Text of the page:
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By James Hurley
EDITOR-IN-CHIEF, The Ionian
The development of a sustainable infrastructure program is at the heart of America's sense of pride, security and future. In short, infrastructure is the tool that will enable America to progress into the 21st century and continue to be a global leader. Before continuing I think that it is wise to define my terms. When I suggest infrastructure, I am really referencing transportation infrastructure in its broadest sense. The roads we drive on, the airports we fly into and out of regularly, the bridges we cross daily and the Metro-North rail line we all catch to Grand Central are all examples of the transportation infrastructure that I am referencing. The state of that infrastructure, in this country at least, is in a very critical condition.
Although I may not claim to be an expert on infrastructure, I do have some background that would prove beneficial to this conversation. Last year I was fortunate enough to attend the Iona College organized, Terex sponsored Infrastructure conference in Washington, D.C. (the third one will be in New Rochelle later this year). In addition, last semester I dutifully attended, Wednesday evening classes with Professor Mary Hagerty on national infrastructure from a public policy perspective. I am writing this column shortly after leaving Union Station in Washington, D.C. on the Northeast Regional service of Amtrak. The train was delayed just shy of 30 minutes, is unbearably hot, will take over four hours to arrive in downtown New Rochelle and cost more money than I am willing to admit. The crisis has never been so clear to me.
As a nation we need to take pride in our systems. When was the last time we took pride in a 100 percent on time arrival status? Please raise your hand if you take pride in any of the NY area airports. I thought as much. Looking at other countries around the developed world one cannot help but to notice their sense of pride in infrastructure achievements. In the Far East you can take a train from Shanghai International Airport to downtown Shanghai in as little as 13 minutes—it's about a 35 mile stretch. Furthermore, look at the infrastructure miracle just over the pond; the Chunnel is able to connect the cities of London and Paris by its hourly EuroStar service. Now, we all know of the problems that have been associated with most of these modes of transportation in recent months, but their sustainability and operation continues to be strong—and prices reasonable.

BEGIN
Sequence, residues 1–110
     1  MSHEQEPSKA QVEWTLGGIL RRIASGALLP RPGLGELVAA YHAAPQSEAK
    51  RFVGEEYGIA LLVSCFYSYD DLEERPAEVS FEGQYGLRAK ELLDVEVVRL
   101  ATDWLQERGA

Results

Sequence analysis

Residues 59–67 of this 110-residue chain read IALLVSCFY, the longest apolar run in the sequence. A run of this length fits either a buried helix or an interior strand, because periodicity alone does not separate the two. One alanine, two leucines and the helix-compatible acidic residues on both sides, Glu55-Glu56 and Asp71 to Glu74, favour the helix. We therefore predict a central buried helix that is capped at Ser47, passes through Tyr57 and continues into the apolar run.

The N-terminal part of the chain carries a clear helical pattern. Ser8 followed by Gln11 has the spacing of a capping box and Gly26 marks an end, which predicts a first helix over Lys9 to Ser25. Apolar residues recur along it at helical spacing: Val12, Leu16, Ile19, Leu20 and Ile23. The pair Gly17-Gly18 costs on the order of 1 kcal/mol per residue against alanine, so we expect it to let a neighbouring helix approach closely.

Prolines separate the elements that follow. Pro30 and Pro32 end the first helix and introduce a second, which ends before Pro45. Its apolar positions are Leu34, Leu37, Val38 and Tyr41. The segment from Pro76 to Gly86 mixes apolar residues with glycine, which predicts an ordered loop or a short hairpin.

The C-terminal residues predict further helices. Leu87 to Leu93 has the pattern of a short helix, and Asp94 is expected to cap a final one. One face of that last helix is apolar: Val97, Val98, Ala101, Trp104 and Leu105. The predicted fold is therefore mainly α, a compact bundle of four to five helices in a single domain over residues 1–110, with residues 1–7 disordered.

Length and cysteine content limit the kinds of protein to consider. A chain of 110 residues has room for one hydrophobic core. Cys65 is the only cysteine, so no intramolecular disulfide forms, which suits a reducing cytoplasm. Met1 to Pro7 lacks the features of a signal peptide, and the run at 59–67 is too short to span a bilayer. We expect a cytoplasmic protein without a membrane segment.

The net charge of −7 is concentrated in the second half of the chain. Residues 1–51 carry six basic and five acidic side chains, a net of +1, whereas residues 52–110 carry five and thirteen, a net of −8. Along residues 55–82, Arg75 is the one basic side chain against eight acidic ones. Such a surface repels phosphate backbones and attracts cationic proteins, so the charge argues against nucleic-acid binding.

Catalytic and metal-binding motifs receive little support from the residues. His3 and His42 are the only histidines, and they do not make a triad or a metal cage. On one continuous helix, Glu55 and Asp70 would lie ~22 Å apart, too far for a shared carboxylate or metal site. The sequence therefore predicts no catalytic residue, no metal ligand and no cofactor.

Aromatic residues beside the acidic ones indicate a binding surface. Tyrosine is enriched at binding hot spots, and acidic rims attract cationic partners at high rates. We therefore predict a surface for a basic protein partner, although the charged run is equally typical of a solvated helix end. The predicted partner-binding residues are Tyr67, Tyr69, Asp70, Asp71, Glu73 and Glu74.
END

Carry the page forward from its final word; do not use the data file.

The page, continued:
For another example, one needs to look no further than our own borders. In the 1960s under the Eisenhower administration the Federal Transportation Act literally employed tens of thousands of people and created the interstate system we still use today. This notion of a federal highway system, which is currently crumbling is also a security issue. In order to move troops and machinery domestically in an appropriate time frame a strong network of roadways is essential. Eisenhower learned this from the Germans when he was serving in WWII and noticed how efficient the autoban was in transporting goods, machines and people.
Now, yes, I do understand that we already have a interstate highway system, but it is functionally obsolete. The American Society of Civil Engineers gave our surface transportation infrastructure—trains, roadways, and alike—a grade of D in their most recent report card. The future of America depends on national infrastructure. The Obama administration should learn from the lessons of the past and apply them to the future. Infrastructure development, creates jobs in countless sectors and creates a stronger more secure America.
Transportation infrastructure as a whole needs to be a priority of the government, not only development, but maintenance. It will create a strong, unified and accessible nation that will not be dependent on the car but rather on intermodal forms of transportation. Well, I just left Baltimore, so I think I am going to pop a movie in my computer and call it a day—after all I have a long train ride ahead.
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